After meeting with the GA Tech group (and taking a picture with them and our crew because they asked if we could join their group pictures since we’re the “celebrities”?!), we had a training session using the Robotic Work Station to control the SSRMS (a.k.a. Canadarm2).

Driving the SSRMS to attempt to grapple an HTV from the Robotics Work Station in our habitat
Following a quick lunch break, we returned to the habitat for some more EVA training. Being in the VR gear and feeling like I’m actually flying around an asteroid is definitely my favorite part of all this so far — pretty much as soon as I get out of the gear, I’m craving being back in it flying around more! Today they gave me and the other EVA crew more difficult tasks to try. One of us would look at a paper map of the area of the asteroid site with specific rocks/craters to sample, and that person would have to fly high enough above the asteroid to get a good perspective and then guide the other crew member to the area of interest. The crew on the surface would have to position themselves in the appropriate orientation for the specific type of sampling, call out the sampling they were performing using the specific voice protocol that the HERA team prefers, and then fly up to meet the first EVA crew and swap roles. Apparently the asteroid model we’re using is based on real images of a portion of a real asteroid that has been mapped, and for the EVAs during our mission we’re going to have actual planetary geologists there helping to set the sample priorities for each site and evaluating the images we collect.

The last activity of the day was learning all about microbial growth. Yep, we went from flying around on an asteroid to seeing disgusting fungi and bacteria that grow all around us. After a brief science lesson with words I haven’t heard since my biology class in 9th grade, we went back into the habitat to practice collecting surface and air microbial samples in petri dishes.

Just keep swabbin’, just keep swabbin’
After we nailed our swabbing technique, the instructor told us we’d store the samples for 5 days and then bring them back out to report on what type of growth we saw. This is around where I lost any semblance of pretending to keep my cool around disgusting looking things. This is also one of many times I got to see our individual backgrounds/interests emerge in interesting ways — myself and the other engineer on our crew were thoroughly grossed out, and the two science-y crewmates were completely loving it. Looking forward to training day 3!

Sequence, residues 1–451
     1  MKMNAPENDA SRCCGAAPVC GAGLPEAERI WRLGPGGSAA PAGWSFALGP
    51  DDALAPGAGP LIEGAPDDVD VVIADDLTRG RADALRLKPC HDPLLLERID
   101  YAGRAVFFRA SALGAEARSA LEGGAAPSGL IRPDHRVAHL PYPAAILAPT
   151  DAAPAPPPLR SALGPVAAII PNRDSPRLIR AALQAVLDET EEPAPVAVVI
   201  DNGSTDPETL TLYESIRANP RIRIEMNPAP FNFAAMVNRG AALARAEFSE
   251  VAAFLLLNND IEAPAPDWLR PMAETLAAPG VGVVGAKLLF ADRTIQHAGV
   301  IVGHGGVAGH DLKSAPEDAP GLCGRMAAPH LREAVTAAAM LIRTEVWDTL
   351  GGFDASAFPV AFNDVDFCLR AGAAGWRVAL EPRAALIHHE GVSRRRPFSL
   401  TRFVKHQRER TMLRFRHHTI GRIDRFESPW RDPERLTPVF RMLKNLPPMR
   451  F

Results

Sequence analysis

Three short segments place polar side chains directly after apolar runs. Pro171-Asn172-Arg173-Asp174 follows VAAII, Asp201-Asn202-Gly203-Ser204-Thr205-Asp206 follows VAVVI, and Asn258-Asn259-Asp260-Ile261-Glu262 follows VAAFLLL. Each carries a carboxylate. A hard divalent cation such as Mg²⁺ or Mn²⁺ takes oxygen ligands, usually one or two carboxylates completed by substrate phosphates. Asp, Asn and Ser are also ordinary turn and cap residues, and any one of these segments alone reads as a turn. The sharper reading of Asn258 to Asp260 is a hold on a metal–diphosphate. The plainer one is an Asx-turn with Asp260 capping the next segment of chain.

HERA Training – Day 3 – January 14, 2016

First, I’m excited about the first photo below, and I haven’t actually even seen it in real life yet (photo credit to my fearless commander Michelle Courtney!) When I left training this afternoon, I saw someone in the building setting up a monitor outside our habitat, but didn’t really think anything about it until I got home and saw that Michelle had posted this picture. The monitor is showing our mission patch! I’ll post a better picture of the patch later on and share what the different elements of the design signify, but for now it’s just really exciting to see the patch we worked together to design in front of the habitat that will soon be our home.

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Showing off my real time heart beat data from my Astroskin shirt and headband

One cool thing we learned about/played with today is a CSA experiment called Astroskin. Astroskin is a pretty amazing piece of wearable technology that monitors heart rate, blood pressure, skin temperature, blood oxygen levels, breathing rate, and activity. All of these measurements are sent to our iPads via bluetooth. The whole system consists of a stretchy tank top (think Spanx/running shirt kind of thing) and a headband which connects to a battery pack that fits in a pocket in the shirt. We’re all wearing these for a full 24 hours now to collect baseline data, so we got to spend the day looking like interesting hybrids of pirates/80s divas/really awesome people (ok, maybe nobody thought we looked like really awesome people, but oh well!) I think the Astroskin project is super interesting and has a ton of awesome potential uses. Check out their website here if you feel like learning more:…

Our wrists match Scott Kelly’s wrist!

After the Astroskin activity, we had a bit of free time before the next activity, so I took the girls over to building 9 to see a quick Robonaut demo and get a look at the rovers/mockups over there. We took the picture above when we passed a cardboard cutout of Scott Kelly and noticed he’s wearing the same watch that we’ve been wearing the past couple days (and will wear for our whole time in the habitat). This watch tracks sleep/activity as well as red-blue-green light levels. As someone who hasn’t always been the best sleeper, I’m definitely intrigued to see what impacts specific levels of different light colors actually have on sleep quality.

Pay no attention to the phlebotomist behind the curtain!

The last activity we did today was learn how the blood draws during our mission will work. 10 minutes before this picture was taken, the other EVA crew and myself had been in this airlock wearing the VR gear collecting asteroid samples, and now it’s being used to collect blood samples. In an effort to maintain the isolation of the experiment but also not require the crew members to perform blood draw, the HERA team has come up with a clever solution of dividting the airlock in half with a curtain and having a phlebotomist on the other side of the curtain. This way they can draw our blood but we will never actually see or talk to them.